I think I finally get it now. I mean, not entirely – my stereotypical femininity and risk-averse nature seem to prevent me from ever fully grasping the reckless spirit of adventure that possesses most other 4x4 enthusiasts.
But, as I looked into my rear-view mirror at the reflection of the 200-metre hill I had just conquered (measurements may have been exaggerated), I could not help a cheeky grin wriggling its way across my face as my chest puffed out with pride. I had done it. I had conquered the giant. I felt unstoppable. No, I was unstoppable.
It was a quiet Monday afternoon when I was quite literally thrown into the deep end for my first go at 4x4 driving. Perched at the edge of a ridge that lurked above a pool of muddy water, my colleague Andrew Middleton hopped out of the driver’s seat, grabbed his camera, and instructed me to take the wheel. Wide-eyed and with my heart pounding, I nervously shifted into the driver’s seat.
A minute before, Andrew had driven the route with me, and I had memorized every instruction he had given me: Handbrake down. Slowly release the clutch as you lift your foot off the brake. Let
the car drive itself.
I remember my utter astonishment as the car literally drove itself up to the ridge and into the murky slush below. Ignorant as I was, I had never heard of (let alone experienced) the anti-stall feature in a 4x4.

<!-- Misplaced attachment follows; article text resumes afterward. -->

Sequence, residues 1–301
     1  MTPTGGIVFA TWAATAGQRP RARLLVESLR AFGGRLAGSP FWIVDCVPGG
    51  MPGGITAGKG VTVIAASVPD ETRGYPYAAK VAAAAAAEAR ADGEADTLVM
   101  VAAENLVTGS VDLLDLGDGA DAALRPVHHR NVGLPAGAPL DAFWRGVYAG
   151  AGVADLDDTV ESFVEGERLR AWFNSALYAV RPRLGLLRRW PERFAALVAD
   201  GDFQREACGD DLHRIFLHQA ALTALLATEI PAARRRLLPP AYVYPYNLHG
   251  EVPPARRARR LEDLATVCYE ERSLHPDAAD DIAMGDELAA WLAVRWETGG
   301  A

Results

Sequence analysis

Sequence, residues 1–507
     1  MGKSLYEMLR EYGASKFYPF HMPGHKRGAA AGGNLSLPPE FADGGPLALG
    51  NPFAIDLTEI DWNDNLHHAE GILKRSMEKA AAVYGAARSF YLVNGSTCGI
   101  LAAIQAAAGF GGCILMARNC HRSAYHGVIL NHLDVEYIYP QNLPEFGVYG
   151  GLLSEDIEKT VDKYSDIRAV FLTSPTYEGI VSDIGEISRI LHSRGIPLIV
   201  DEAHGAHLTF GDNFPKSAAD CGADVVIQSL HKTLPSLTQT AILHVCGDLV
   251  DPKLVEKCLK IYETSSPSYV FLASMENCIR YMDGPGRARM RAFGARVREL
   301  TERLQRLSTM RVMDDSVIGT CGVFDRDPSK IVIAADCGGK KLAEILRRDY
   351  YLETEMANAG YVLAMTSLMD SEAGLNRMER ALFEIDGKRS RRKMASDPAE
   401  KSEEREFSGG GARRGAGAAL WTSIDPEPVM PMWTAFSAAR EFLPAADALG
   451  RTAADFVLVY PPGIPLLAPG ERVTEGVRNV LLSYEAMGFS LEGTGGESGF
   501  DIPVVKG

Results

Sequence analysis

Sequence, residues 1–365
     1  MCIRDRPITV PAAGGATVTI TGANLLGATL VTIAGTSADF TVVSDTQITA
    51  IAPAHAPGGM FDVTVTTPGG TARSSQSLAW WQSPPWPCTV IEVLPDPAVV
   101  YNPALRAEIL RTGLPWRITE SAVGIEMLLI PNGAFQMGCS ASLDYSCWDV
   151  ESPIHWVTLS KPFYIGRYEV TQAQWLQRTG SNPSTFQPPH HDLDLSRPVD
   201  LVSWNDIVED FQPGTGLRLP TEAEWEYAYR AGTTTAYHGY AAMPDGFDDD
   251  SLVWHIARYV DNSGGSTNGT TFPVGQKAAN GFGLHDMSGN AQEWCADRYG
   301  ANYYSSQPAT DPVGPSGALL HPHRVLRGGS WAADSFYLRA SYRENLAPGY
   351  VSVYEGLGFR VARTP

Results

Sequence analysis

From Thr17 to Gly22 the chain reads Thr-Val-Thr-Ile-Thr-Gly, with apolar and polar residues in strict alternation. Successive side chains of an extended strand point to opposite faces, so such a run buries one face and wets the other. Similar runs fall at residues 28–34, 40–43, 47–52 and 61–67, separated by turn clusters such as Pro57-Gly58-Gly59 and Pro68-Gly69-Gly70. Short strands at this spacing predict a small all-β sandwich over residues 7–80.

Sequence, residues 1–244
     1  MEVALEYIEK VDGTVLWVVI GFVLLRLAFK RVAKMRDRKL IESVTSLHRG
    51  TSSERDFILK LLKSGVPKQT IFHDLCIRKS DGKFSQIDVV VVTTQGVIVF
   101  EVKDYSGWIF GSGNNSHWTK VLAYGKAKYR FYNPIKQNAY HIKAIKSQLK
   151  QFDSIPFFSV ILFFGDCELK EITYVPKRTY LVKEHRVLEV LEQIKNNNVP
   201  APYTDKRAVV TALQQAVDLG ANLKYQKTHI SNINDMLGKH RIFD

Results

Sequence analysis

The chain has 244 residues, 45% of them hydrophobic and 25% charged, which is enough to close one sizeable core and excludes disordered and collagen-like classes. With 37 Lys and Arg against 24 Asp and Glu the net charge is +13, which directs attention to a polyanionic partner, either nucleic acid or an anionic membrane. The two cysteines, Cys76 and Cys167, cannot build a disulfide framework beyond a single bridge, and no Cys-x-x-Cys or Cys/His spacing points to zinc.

My heart was still dancing with the excitement of this discovery when Andrew gestured to me from outside the Isuzu to speed things along. My toes timidly tapped the accelerator as I eased the Isuzu a little more boldly through the water.
It was only later that I discovered the fun of accelerating your mighty 4x4 beast through water and splashing the victims that lie in the wake of your mighty conquest.
I spent the rest of that afternoon, and the next, jumping in and out of the driver’s seat as Andrew guided me through the various obstacles he wished to photograph on both the Meadows and
Off-Camber 4x4 trails. As the new intern at SA4x4, I wanted to get through all of the obstacles as seamlessly as possible so that Andrew could bag some good shots for the mag. Well, at least that’s the reason I like to give for suppressing my inner speed-demon during my two-day 4x4 baptism in PE.
Then, just days later, I was given the perfect opportunity to add a few more arrows to my new-found quiver of 4x4 skills, having accepted an invite to drive the Mitsubishi Pajero Sport Shogun on the soft sand dunes out in Atlantis. My real task? Learn how to drive a 4x4 without screaming like a chipmunk on helium every time I drove over an obstacle. This task, I fear, was not quite achieved.
But, I am proud to announce that my high-pitched squeals of fear were rapidly transformed into high-pitched squeals of delight after about the third sand dune I managed to roar up and over in the Pajero.
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